A Wartime Yearbook

We’ve just re-published the 1942 Libertas yearbook from Liberty High School in Liberty, Sullivan County, New York.

You can be excused if your immediate response is “What?  You’ve published another Liberty High School yearbook?  What’s your plan?  To re-publish all of them?”

To tell the truth, we wouldn’t mind re-publishing all of Liberty High’s historic yearbooks, but realism tells us that we could never possibly find copies of all of them to scan — which gets us around to why the 1942 Libertas is different and interesting.

A Wartime Yearbook

First of all, it is a wartime yearbook!  Published only months after Pearl Harbor, it is still the only example from Liberty High School that we have of this genre.  There are many things that this yearbook has in common with non-wartime yearbooks (it has all the usual contents, for example, including photos with names of grades seven through twelve, and abundant advertisements) but the moment you pick the original up you notice that it has a soft cover rather than the typical hardbound book cover.

a wartime yearbook
Front cover of the 1942 Libertas, the yearbook of Liberty High School — note the front cover is paper this year!

Later in the war, yearbooks began to reflect a nation actively gearing to to support the war efforts.  Later yearbooks included lists of students who had left high school to serve and, eventually, in memoriam pages for those who would not be returning home.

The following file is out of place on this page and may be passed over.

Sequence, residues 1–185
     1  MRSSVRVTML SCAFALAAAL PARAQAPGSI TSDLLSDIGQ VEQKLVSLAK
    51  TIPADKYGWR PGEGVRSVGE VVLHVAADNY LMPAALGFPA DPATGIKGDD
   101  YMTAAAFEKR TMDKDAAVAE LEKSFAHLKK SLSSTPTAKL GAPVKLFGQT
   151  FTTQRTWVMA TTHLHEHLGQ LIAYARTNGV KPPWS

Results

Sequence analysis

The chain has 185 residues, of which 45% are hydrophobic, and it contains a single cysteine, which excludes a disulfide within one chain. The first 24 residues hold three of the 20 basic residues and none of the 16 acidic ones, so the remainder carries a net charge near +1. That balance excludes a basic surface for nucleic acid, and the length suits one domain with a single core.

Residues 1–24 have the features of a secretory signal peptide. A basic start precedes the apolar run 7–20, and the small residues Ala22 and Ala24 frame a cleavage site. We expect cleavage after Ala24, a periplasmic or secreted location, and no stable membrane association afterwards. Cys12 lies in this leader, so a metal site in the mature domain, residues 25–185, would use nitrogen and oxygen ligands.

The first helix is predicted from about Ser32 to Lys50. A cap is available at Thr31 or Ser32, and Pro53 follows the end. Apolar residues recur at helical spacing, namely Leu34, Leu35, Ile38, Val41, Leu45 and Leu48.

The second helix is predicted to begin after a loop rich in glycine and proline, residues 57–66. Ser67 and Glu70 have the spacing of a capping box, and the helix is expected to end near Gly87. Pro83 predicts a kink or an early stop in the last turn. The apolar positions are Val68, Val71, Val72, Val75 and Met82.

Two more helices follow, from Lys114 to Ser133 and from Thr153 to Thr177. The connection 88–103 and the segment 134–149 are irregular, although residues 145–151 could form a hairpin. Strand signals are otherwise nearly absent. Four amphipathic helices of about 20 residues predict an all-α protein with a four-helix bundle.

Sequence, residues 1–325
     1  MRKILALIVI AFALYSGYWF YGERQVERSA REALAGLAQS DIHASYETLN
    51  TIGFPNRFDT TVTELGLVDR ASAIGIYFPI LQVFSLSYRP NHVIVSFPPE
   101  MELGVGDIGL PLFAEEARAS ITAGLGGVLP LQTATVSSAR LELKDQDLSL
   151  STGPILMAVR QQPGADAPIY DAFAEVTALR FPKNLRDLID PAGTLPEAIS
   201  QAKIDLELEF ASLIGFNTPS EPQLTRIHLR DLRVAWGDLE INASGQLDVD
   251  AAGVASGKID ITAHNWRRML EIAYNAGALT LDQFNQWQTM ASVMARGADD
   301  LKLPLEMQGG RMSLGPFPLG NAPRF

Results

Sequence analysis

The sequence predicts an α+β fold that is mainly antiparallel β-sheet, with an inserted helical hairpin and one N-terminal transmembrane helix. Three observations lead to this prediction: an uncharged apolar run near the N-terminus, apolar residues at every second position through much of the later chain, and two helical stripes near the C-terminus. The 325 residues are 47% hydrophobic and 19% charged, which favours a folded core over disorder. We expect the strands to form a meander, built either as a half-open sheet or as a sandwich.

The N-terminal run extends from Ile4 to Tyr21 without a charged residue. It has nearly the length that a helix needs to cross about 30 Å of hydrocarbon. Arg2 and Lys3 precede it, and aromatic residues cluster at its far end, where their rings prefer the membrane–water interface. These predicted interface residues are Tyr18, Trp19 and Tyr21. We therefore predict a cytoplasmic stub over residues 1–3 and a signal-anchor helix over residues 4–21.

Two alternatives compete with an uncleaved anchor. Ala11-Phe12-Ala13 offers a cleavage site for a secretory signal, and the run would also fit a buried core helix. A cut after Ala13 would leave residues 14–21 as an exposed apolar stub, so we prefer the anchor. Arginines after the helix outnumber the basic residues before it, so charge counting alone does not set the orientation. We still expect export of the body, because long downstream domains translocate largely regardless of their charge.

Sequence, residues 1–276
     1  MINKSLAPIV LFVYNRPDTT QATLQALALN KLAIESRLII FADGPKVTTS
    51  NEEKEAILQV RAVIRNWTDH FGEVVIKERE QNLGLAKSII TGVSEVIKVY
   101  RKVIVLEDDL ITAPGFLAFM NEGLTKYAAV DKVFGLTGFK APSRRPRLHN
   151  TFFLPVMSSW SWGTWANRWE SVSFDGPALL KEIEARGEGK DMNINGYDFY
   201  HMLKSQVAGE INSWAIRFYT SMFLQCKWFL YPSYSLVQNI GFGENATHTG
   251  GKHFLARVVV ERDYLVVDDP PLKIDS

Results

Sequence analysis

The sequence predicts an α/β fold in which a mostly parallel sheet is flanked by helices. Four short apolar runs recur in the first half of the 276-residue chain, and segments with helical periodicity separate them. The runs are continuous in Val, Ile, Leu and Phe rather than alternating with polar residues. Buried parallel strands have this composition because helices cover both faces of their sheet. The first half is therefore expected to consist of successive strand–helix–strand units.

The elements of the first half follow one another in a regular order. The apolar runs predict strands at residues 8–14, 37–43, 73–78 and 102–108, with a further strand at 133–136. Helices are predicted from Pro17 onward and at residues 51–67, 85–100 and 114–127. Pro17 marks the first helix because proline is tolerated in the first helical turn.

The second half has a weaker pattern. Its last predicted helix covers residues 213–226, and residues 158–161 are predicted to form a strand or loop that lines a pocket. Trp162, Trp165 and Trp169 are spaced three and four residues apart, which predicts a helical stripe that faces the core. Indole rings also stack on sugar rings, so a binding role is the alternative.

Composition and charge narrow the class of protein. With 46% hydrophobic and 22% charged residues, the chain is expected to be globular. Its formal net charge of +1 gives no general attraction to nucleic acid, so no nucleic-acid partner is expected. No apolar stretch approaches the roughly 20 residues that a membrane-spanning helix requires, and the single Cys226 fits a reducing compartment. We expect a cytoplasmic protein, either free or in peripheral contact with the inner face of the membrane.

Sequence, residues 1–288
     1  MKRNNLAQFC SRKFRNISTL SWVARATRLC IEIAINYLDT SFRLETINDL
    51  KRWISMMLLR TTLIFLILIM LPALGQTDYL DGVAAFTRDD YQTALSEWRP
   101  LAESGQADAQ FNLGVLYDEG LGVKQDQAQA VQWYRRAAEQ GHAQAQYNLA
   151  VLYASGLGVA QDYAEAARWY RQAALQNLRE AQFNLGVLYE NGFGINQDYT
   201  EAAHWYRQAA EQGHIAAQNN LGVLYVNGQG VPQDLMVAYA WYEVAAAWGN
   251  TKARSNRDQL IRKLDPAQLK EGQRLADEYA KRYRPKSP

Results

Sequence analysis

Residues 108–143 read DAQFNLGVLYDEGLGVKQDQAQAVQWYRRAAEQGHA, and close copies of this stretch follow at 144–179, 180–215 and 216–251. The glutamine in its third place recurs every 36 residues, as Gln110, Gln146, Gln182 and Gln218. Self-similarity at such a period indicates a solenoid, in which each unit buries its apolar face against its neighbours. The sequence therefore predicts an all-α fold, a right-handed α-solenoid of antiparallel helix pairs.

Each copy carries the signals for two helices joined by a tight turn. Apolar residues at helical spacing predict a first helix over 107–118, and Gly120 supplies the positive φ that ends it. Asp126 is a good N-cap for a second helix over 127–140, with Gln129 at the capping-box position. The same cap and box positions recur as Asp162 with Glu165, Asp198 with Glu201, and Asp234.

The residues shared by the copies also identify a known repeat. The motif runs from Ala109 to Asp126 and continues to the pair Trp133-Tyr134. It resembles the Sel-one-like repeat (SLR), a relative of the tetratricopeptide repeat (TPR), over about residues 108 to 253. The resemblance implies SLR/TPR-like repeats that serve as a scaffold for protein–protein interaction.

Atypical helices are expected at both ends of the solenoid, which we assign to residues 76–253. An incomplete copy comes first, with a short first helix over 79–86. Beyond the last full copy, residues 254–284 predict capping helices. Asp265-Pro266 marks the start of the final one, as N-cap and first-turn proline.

Nonetheless, this is indeed a wartime yearbook.  We think it’s worth a look.  You can do so, and, if you wish, purchase a download of it, on our Liberty, NY page.  CLICK HERE to go directly there.

 

Provost Marshal of Charleston

 

Provost Marshal of CharlestonThis is an important piece of Confederate military history, one that has not been published elsewhere.  At the same time, it is a snapshot of one of the most important cities of the Confederacy during the early years of the Civil War.

When Charleston, SC, was under martial law during the Civil War (or the War Between the States), the person in command of the entire city was the Provost Marshal of Charleston.  He was responsible for all activities in the city, both military and civilian.

During this period, the Provost Marshal, Colonel Alexander Haskell Brown, kept a “letter book” that today serves as a chronicle of the period of military law.  (For those who might not know the concept of a letter book, back in the days before typewriters and carbon paper, official correspondence was hand written, then hand copied to a “letter book” so a record of the correspondence could be kept.  Frequently, correspondence received was also copied to the letter book.  As you can imagine, this letter book covers many topics germane to a city under martial law.)

Robert G. (Gerry) Carroon, the editor of this document, hand copied the original letter book, which is in the archives of the University of South Carolina, and transcribed it.  A number of years ago, at his request, we published this document on CD-ROM.  When we discontinued the CD in the process of phasing out our CD business, the material became unavailable for a period of time.  We are happy to say that Provost Marshal of Charleston is again available, this time as a download.

Please CLICK HERE to read more about it and, perhaps, download a copy.